Training is also required upon hire, with follow-up sessions each year. Topics that must be covered include:
- Patient and employee documentation requirements
- Health and safety protocols
- Medical information security as mandated by the HIPAA
- Compliance plan specifications
- Charges and billing procedures
For the sake of your practice’s integrity, any abuse, waste, or fraud as well as failure to report any incident of abuse or fraud should not be tolerated. Disciplinary actions must be clearly defined in your compliance plan for these types of incidents. It is also critical that employees know that termination of their employment can be implemented depending on the severity of their infraction.
Process of Investigation for Employee Compliance Issues
Any potential compliance issues should be thoroughly investigated. The process undertaken should be transparent to all employees beforehand to promote fairness and help avoid any discrepancies. Develop an action plan afterward and monitor the results to determine the plan’s effectiveness.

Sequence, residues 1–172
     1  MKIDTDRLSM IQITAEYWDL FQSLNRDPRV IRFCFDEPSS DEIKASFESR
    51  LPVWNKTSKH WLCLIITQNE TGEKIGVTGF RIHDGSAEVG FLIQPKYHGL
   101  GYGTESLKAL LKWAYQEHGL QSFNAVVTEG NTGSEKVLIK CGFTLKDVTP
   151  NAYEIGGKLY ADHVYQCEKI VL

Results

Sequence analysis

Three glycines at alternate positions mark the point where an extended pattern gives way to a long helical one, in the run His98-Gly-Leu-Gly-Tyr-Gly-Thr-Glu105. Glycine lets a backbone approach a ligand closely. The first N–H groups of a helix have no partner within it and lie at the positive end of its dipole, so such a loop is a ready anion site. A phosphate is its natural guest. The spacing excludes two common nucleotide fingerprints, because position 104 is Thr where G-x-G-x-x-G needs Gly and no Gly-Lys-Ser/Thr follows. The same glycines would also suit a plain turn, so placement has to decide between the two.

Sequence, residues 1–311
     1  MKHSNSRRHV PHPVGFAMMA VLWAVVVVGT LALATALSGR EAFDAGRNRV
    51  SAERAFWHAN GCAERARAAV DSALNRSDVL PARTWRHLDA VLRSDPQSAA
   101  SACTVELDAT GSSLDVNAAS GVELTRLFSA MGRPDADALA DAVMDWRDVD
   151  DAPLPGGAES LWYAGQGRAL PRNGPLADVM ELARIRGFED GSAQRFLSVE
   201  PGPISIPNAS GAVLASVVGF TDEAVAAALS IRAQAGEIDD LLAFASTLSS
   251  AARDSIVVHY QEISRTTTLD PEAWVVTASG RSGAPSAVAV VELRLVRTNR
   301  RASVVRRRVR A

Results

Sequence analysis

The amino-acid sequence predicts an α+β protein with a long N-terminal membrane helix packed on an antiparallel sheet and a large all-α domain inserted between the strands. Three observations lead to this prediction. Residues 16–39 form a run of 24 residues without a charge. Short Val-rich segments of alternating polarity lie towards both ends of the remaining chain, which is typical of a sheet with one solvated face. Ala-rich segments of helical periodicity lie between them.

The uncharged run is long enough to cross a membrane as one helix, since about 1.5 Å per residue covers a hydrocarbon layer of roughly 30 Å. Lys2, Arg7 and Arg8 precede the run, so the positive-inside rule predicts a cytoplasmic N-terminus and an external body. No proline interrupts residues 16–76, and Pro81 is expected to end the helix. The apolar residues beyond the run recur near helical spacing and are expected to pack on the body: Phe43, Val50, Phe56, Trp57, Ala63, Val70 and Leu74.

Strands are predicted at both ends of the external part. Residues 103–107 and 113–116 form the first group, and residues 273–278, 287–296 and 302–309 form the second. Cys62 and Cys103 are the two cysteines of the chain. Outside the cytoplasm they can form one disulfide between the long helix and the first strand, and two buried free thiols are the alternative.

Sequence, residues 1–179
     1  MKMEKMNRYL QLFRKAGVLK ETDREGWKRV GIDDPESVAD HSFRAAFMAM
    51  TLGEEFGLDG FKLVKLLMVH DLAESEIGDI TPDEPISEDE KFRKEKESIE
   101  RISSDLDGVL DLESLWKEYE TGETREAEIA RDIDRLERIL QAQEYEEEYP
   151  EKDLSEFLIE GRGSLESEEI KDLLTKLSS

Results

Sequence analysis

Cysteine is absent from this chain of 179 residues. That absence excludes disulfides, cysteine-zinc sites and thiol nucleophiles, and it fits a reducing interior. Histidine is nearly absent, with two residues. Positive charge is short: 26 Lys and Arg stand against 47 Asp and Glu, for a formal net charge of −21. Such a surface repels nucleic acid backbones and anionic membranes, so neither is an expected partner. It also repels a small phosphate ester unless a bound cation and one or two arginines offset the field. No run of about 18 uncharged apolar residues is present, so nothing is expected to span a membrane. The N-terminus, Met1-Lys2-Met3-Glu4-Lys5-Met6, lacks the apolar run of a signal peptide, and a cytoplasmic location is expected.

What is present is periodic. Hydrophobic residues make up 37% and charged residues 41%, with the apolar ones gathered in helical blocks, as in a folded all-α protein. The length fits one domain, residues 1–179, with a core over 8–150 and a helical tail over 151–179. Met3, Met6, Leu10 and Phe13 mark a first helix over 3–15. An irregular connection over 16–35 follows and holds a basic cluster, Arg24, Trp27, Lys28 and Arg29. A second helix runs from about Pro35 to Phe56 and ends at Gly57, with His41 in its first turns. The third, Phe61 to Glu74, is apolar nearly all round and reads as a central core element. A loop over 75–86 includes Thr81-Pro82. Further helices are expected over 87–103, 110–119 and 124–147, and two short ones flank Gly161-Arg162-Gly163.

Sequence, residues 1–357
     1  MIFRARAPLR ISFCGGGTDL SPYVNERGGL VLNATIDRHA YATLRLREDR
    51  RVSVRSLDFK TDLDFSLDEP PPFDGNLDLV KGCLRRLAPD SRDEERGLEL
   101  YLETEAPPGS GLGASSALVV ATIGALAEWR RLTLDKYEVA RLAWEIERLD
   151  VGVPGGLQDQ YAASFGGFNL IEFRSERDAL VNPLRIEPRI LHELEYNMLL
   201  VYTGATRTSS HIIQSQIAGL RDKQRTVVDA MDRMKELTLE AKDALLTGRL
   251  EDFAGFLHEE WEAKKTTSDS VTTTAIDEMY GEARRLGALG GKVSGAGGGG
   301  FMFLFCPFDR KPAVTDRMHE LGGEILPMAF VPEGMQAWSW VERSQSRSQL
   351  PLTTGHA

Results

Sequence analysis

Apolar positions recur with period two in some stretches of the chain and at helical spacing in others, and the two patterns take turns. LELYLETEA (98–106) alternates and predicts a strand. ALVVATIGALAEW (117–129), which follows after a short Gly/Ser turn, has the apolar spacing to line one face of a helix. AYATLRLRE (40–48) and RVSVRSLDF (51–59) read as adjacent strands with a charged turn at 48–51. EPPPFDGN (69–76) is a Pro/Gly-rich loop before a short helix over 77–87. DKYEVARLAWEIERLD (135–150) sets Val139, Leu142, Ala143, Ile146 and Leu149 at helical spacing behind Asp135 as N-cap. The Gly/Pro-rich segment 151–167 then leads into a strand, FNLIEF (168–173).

Ensuring that your practice is complying with the set standards is done through periodic auditing and compliance monitoring. This helps you spot which procedures are working and which ones need more polishing. A proper audit should also include the level of your employees’ compliance. Additional training may be necessary for those who are not meeting standards.
Develop a Compliance Program With Practice Management Consultants in Danvers, MA
To ensure that your compliance plan is well-constructed and covers all aspects of your practice, contact New England Accounts Receivable Management today. We represent more than 150 clinicians and more than 50 healthcare providers in the New England region. Our expert consultants will help you assess your compliance program needs and educate you on mitigating compliance issues as well as financial risks.
We aim to help you boost profitability and enhance efficiency at your practice. In addition, we can work with you to ensure your practice operates in compliance of the guidelines of the Office of the Inspector General. Contact us today so we can discuss your organization’s requirements and how we can help you.